The second question concerned equality of rights for LGBT people. Since 2016, the share of those who declaratively support their full equality has doubled (from 33.4% to 63.7%), and the share of those who believe that LGBT people’s rights should be in some way restricted has almost halved (from 45.2% to 25.9%). Similarly, the number of those who hesitated to answer halved: from 21.3% to 10.4%. In words, two thirds of Ukrainians now support full legal equality of LGBT people. As expected, the level of support for LGBT equality is higher when the respondent is younger, more educated, and wealthier, as well as among residents of large cities.

In your opinion, should LGBT people in Ukraine have the same rights as other citizens of our country?

In the previous paragraph, the support for equal rights for LGBT people was rightly described as “declarative” and “verbal,” because, in order to test the understanding of the essence of equality, we specifically added a control question on the recognition of the right of same-sex partners to family. Realizing that the long-standing propaganda of homophobia probably sowed a negative reaction in Ukrainian society to same-sex marriages and adoptions of children by same-sex couples, we formulated it in the most acceptable for the general public way, removing these stimuli: “Do you support the introduction of registered partnership for same-sex couples similar to regular marriage but without the right to co-adoption of children?” As in 2016, in 2022 the majority, even among those who ostensibly supported full legal equality for LGBT people, denied them the fundamental human right to respect for private and family life.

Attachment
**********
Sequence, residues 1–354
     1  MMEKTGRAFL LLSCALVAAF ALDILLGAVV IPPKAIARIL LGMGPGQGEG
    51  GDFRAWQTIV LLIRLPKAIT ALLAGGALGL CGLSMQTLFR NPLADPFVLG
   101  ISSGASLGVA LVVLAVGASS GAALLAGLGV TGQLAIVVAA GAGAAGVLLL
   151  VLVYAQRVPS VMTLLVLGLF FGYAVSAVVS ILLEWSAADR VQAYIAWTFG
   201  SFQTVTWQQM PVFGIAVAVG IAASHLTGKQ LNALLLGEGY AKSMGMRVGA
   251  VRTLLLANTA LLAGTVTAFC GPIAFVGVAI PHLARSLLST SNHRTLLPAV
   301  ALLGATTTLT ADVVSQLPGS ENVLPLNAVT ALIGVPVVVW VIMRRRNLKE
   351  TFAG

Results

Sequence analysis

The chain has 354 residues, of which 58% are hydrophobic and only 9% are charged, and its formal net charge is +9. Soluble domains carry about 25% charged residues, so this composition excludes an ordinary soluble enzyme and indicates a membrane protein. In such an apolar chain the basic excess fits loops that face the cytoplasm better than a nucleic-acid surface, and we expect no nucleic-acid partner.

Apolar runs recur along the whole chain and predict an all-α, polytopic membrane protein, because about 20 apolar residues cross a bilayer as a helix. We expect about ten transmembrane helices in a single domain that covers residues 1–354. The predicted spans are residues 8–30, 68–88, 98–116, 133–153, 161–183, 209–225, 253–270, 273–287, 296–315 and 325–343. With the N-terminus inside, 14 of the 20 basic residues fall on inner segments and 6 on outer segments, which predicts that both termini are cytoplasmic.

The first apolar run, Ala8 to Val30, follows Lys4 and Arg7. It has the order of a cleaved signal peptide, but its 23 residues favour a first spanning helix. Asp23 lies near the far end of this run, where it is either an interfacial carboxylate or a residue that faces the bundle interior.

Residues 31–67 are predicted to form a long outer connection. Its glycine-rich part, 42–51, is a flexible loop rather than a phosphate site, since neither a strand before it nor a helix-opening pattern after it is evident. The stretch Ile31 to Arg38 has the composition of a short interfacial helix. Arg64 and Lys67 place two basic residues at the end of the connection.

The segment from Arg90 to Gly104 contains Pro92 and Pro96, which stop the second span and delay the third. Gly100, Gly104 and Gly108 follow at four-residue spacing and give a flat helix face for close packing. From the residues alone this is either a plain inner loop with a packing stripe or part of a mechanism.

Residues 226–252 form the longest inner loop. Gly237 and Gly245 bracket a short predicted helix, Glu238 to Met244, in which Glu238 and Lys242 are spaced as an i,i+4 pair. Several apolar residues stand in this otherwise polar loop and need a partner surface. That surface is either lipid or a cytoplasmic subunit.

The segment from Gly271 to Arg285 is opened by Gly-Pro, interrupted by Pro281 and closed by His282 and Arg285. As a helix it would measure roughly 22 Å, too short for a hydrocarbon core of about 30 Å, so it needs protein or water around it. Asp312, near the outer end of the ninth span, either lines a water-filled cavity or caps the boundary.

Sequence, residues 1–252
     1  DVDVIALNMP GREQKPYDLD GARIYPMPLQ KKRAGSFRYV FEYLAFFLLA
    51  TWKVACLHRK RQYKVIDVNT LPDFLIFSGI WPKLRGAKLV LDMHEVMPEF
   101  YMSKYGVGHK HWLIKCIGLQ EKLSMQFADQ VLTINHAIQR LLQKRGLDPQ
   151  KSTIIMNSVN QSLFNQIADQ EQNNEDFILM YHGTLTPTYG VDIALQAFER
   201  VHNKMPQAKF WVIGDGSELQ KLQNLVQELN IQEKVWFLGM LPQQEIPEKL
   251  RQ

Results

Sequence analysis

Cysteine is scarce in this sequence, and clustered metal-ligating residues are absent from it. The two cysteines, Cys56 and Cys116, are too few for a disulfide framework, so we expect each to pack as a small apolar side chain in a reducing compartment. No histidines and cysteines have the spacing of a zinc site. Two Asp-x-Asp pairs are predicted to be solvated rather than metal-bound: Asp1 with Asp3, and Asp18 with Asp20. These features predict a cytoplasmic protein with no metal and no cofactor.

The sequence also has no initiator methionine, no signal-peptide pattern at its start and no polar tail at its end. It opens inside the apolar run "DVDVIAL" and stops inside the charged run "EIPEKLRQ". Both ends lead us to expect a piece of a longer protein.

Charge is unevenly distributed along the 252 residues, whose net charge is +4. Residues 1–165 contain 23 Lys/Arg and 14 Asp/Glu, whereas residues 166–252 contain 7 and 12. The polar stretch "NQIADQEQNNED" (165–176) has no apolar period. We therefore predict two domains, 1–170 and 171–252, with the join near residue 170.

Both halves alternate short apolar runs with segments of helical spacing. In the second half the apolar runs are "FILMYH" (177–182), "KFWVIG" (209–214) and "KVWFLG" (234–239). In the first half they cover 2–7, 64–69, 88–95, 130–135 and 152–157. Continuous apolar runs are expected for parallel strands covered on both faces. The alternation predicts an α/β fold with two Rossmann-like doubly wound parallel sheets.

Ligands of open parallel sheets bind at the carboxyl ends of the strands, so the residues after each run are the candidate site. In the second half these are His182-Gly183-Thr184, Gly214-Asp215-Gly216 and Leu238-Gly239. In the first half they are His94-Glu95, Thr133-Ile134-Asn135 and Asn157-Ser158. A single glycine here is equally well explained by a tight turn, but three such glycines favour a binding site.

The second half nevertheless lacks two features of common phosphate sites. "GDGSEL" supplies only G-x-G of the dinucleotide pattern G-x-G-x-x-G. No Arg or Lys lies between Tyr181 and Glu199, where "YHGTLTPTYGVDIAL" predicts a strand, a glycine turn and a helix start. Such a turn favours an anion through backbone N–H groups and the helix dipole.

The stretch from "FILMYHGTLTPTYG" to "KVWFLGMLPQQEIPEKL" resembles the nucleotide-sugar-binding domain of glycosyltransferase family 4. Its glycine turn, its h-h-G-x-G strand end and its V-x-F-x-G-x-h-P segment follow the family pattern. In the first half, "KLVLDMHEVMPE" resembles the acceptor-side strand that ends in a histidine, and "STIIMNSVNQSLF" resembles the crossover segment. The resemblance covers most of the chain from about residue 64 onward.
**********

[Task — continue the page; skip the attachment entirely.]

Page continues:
However, significant progress is obvious here as well: if in 2016 only 4.8% of respondents supported this right, now those are 23.6%, almost five times more. Together with 27.1% of those who do not care, they already make up the vast majority of Ukrainians and significantly outnumber 41.9% of those who oppose the recognition of even limited marital rights for same-sex partners. Ukrainian churches and conservative politicians should learn that the majority of Ukrainian citizens do not object to the legalization of same-sex civil unions. In the younger age groups, from 18 to 39, the recognition of same-sex couples’ family rights is supported by even a relative majority, and together with those who do not care they are twice as many as those who oppose it.

Do you support the introduction of registered partnership for same-sex couples similar to regular marriage but without the right to co-adoption of children?

Finally, the last question in the 2022 poll was completely new: “How do you feel about the participation of LGBT people in defending Ukraine from Russian aggression?” Two thirds of those polled answered yes, and only 11.4 percent were so homophobic that they denied their LGBT citizens even their civic duty and honorable right to defend their homeland from Russian invasion. Apparently, they simply secretly sympathize with the aggressor and form the nuclear electorate of pro-Russian parties, a real “fifth column” of Moscow in our society.

How do you feel about the participation of LGBT people in defending Ukraine from Russian aggression?